we have some trouble with a lot of Google sites when we enable SSL decryption and also enable CRL and OCSP checks. We either get no response at all, or error messages like the one in the attached screenshot. If we disable the CRL/OCSP checks (which is undesirable I guess), then we have no problems at all. Google is the only destination we have these problems with and regarding to the system logs, the CRL list retreival is working fine.
If you look at the certificate that you get when you go to any google website like https://youtube.com (click on the icon to the left of the address to view certificate info) you will see that the common name is *.google.com. Google uses this wildcard certificate for most of its sites.
Before decrypting the traffic the firewall only has the common name on the certificate to use for looking up URL category. *.google.com is in the Search Engines category, so that's what the firewall identifies it as when you go to google sites like
https://youtube.com , or basically any other Google service. Once you have decrypted the traffic the firewall can do the URL lookup based on the HTTP GET request for the website.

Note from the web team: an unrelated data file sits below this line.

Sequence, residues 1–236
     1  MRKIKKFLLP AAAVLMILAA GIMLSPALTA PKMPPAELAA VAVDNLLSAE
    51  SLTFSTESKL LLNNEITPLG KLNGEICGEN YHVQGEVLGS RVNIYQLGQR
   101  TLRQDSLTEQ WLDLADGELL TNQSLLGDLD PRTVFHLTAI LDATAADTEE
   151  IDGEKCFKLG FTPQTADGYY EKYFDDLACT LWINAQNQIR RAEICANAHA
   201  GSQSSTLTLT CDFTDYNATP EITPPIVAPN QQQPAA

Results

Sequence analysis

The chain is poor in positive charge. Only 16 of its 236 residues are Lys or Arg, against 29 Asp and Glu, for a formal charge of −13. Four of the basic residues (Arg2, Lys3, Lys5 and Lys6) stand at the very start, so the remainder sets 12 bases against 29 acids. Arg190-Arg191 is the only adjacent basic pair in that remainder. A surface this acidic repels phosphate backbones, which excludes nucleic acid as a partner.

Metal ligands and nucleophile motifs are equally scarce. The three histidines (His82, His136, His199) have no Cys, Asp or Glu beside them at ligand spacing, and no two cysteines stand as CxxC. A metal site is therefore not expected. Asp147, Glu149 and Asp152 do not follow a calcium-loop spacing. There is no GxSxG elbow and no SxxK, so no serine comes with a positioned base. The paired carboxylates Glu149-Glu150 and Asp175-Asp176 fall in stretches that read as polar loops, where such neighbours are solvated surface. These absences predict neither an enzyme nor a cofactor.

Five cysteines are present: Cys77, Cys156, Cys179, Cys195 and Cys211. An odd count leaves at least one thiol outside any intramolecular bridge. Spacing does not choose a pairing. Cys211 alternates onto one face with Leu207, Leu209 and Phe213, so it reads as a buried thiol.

Thanks, but it's not a problem of being blocked by firewall policy. It's a problem with the PAN checking Google's certificates.
As I wrote above, it must have something to do with checking CRL/OCSP in Device -> Service -> Session -> Decryption Certificate Revocation Settings.
If we disable the checks, it works fine.
1>Can you try to increase the timeout value for the settings under Decryption Certificate Revocation Settings : to max=60sec .
2>What is the Software Version installed on the firewall?
3>Can you attach the following log
>less mp-log sslmgr.log
Also following discussion may interest you:
we are running 5.0.4. And I am seeing the same error messages in sslmgr.log that are described in the other discussion you linked to. So it's safe to assume we are hitting this bug as well. I will try to turn off OCSP checks. If I understand the bug correctly, it's only happening after turning on OCSP. What do you think?
Where can I find a statement in the manual that proofs this?
As far as I know the PA will only check the cert for revocation when its being part of the decryption.
If the session is not being intercepted then there will be no checks for revocation (how would the PA otherwise be able to display an error message for the client (that the cert is revoked) if the ssl session isnt decrypted?).
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